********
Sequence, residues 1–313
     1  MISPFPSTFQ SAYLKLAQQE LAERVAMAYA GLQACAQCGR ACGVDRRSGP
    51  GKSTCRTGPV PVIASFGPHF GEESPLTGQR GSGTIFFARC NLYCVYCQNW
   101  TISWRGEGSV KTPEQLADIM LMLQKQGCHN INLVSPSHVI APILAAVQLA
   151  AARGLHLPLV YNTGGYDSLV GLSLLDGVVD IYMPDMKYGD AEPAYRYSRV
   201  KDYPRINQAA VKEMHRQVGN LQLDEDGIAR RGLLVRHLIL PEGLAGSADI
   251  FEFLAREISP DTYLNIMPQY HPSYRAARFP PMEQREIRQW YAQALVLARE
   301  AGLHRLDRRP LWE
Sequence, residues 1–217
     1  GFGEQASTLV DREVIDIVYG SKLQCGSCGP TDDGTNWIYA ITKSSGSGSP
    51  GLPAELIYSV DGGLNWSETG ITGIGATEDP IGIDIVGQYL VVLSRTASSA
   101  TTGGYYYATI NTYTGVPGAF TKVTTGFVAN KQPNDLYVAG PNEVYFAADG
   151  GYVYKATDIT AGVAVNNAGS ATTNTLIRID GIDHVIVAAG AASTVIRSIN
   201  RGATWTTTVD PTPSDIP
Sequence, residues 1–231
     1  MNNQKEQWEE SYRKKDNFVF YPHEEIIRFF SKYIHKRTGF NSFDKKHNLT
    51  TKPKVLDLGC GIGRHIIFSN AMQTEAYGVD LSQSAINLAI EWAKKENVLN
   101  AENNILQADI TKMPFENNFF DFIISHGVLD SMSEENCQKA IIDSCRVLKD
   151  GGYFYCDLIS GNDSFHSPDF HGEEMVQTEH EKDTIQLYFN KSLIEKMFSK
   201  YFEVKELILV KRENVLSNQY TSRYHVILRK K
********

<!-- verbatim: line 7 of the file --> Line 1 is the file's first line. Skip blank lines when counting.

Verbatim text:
   251  FEFLAREISP DTYLNIMPQY HPSYRAARFP PMEQREIRQW YAQALVLARE